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I'm learning Ruby and I've seen that an exclamation mark at the end of a method name by convention means that the method modifies self in some way. Why doesn't then Array#delete end with an exclamation mark, like slice! does, since delete deletes an element from self? Am I missing something fundamental?

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My guess is because #delete can do only delete so there is no need to flag it. Something like #upper_case can either be assigned to a newly created object or overwrite the original object at the determination of the use. –  ScottJShea Feb 28 '12 at 20:35
Yes, but #delete with no flag could also return a clone minus the specified element (That's what I expected given the absence of a flag) :) –  Boris B. Feb 28 '12 at 20:45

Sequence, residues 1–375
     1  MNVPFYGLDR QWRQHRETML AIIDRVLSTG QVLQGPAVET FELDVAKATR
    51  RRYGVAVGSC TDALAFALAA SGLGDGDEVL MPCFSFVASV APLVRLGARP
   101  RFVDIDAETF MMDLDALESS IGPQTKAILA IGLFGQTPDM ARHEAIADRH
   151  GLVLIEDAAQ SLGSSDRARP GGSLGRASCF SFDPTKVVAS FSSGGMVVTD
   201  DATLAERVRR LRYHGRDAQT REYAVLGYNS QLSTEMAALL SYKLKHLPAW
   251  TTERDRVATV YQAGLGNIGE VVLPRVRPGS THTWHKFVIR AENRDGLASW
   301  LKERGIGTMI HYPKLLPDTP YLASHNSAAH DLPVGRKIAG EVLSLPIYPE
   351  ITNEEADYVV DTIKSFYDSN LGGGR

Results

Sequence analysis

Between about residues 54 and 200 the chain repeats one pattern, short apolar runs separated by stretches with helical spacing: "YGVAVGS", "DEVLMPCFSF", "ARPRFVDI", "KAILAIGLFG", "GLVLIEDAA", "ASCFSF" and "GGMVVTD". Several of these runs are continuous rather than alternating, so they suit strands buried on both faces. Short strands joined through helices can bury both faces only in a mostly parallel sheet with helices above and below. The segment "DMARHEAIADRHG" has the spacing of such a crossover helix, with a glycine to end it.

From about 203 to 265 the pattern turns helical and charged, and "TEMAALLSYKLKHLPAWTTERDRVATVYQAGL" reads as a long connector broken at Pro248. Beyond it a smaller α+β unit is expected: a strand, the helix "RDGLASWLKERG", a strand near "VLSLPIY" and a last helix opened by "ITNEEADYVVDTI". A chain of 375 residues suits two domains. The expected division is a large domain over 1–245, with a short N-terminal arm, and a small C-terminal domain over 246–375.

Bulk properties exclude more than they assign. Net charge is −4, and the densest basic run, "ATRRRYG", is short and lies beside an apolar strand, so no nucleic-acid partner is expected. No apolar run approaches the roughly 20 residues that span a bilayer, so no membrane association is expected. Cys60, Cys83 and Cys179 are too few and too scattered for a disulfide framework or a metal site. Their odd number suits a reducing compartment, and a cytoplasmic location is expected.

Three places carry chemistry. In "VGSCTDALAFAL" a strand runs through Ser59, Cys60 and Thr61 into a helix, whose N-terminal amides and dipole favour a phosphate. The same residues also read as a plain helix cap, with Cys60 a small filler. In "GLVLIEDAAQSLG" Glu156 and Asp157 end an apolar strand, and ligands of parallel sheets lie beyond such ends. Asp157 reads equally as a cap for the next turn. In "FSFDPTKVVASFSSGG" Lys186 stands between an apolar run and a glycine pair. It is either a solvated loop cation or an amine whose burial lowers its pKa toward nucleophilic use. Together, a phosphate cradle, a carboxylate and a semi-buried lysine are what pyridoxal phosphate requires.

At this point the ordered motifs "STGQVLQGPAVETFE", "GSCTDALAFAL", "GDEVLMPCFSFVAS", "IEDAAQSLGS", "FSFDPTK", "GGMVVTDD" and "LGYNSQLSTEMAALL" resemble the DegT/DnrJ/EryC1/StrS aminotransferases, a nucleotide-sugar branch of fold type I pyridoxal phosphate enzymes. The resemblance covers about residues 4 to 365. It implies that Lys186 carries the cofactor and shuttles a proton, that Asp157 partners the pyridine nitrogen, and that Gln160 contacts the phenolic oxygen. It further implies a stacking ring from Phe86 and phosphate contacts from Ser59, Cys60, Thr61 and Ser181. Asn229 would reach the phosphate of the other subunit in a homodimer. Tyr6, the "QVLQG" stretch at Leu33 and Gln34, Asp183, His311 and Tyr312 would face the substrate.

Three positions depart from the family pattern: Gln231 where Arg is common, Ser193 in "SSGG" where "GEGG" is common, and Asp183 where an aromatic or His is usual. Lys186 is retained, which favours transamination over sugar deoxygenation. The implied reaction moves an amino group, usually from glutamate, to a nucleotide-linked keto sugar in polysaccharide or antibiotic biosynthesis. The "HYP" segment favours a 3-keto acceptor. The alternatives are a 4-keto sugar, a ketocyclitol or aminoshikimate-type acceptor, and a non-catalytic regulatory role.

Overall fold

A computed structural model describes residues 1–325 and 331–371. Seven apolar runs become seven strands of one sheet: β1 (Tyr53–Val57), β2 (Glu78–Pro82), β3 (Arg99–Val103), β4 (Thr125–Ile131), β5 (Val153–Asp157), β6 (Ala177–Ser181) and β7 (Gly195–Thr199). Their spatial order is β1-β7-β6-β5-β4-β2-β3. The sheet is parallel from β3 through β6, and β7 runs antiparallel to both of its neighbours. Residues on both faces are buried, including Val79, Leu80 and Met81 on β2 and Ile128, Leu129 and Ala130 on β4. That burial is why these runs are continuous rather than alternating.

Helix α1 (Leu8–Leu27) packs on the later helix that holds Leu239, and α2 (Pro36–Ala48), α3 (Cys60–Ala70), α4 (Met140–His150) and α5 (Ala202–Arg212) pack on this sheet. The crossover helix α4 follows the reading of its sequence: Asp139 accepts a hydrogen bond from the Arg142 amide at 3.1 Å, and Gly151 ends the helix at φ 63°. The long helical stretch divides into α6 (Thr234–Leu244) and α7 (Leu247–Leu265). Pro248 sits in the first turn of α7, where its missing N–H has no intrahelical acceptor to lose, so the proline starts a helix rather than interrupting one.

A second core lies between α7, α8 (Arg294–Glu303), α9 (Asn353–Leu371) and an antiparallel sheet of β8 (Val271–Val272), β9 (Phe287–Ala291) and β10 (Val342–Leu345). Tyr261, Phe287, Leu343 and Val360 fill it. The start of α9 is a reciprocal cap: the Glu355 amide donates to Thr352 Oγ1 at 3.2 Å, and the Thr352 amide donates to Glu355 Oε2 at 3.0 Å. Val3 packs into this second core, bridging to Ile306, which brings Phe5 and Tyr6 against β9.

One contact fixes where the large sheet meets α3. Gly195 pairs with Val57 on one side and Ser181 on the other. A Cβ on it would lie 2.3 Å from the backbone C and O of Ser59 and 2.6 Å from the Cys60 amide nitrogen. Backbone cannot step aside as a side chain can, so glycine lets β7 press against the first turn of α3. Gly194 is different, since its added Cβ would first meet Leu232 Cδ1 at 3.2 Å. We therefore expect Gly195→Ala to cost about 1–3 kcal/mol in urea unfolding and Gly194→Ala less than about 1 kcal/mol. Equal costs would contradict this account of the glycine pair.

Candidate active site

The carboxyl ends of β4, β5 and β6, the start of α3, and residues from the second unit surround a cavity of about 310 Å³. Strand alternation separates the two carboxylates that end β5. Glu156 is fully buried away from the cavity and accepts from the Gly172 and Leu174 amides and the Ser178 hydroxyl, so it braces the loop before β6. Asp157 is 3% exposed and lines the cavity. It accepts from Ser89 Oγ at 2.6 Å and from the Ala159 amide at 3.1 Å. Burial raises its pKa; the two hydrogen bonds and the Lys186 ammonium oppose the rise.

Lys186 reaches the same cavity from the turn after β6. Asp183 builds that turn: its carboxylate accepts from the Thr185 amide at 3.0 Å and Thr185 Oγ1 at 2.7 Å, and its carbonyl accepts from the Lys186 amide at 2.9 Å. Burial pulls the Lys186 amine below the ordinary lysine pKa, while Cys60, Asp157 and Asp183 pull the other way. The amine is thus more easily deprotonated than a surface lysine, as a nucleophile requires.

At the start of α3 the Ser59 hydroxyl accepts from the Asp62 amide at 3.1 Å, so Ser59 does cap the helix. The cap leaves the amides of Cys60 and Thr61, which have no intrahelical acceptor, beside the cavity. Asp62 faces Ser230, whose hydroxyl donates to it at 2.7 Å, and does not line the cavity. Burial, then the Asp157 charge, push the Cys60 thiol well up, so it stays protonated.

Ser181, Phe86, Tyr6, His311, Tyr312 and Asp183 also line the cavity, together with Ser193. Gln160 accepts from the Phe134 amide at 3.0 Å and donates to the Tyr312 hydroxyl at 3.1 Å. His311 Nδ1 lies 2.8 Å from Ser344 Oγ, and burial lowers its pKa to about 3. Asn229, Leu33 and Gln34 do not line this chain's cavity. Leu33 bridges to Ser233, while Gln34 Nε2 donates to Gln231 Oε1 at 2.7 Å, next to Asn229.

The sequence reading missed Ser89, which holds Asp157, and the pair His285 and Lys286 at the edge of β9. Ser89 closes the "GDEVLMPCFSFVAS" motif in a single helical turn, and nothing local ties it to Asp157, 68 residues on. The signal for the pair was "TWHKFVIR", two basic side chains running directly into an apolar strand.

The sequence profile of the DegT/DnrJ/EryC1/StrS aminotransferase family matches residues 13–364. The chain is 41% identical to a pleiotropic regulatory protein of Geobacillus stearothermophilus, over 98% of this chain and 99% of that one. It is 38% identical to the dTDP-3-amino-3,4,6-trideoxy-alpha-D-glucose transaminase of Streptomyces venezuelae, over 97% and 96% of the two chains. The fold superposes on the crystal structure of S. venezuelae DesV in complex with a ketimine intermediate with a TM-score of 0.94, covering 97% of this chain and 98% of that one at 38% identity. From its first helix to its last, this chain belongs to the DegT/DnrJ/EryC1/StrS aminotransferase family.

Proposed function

possible duplicate of Why are exclamation marks used in Ruby methods? –  Peter O. Feb 28 '12 at 21:34

2 Answers 2

up vote 13 down vote accepted

To quote Matz (Ruby's chief engineer):

The bang (!) does not mean "destructive" nor lack of it mean non destructive either. The bang sign means "the bang version is more dangerous than its non bang counterpart; handle with care".

Since Array#delete doesn't have a less-dangerous counterpart, there is no need for the exclamation.

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The "bang" methods don't mean that it modifies the receiver. It is an indication of a method that is a more dangerous version of an existing method. See David A. Black's description of the difference, and the response to a request to change Ruby 2.0.

This is a very common misconception. Note the very highly-voted wrong answer here.

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